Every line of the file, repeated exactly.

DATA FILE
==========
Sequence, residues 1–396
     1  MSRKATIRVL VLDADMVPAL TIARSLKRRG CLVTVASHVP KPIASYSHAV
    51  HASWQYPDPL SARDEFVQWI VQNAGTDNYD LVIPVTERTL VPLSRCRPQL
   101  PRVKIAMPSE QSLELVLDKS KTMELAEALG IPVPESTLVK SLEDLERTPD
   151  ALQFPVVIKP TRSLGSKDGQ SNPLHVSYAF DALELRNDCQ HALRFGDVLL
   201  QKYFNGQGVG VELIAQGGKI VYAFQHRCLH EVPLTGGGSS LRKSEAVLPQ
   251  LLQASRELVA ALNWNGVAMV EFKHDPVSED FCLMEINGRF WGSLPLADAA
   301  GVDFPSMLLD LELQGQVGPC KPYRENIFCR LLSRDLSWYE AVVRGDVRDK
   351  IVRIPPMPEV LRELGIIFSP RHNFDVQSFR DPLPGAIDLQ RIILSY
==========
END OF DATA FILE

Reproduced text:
Sequence, residues 1–396
     1  MSRKATIRVL VLDADMVPAL TIARSLKRRG CLVTVASHVP KPIASYSHAV
    51  HASWQYPDPL SARDEFVQWI VQNAGTDNYD LVIPVTERTL VPLSRCRPQL
   101  PRVKIAMPSE QSLELVLDKS KTMELAEALG IPVPESTLVK SLEDLERTPD
   151  ALQFPVVIKP TRSLGSKDGQ SNPLHVSYAF DALELRNDCQ HALRFGDVLL
   201  QKYFNGQGVG VELIAQGGKI VYAFQHRCLH EVPLTGGGSS LRKSEAVLPQ
   251  LLQASRELVA ALNWNGVAMV EFKHDPVSED FCLMEINGRF WGSLPLADAA
   301  GVDFPSMLLD LELQGQVGPC KPYRENIFCR LLSRDLSWYE AVVRGDVRDK
   351  IVRIPPMPEV LRELGIIFSP RHNFDVQSFR DPLPGAIDLQ RIILSY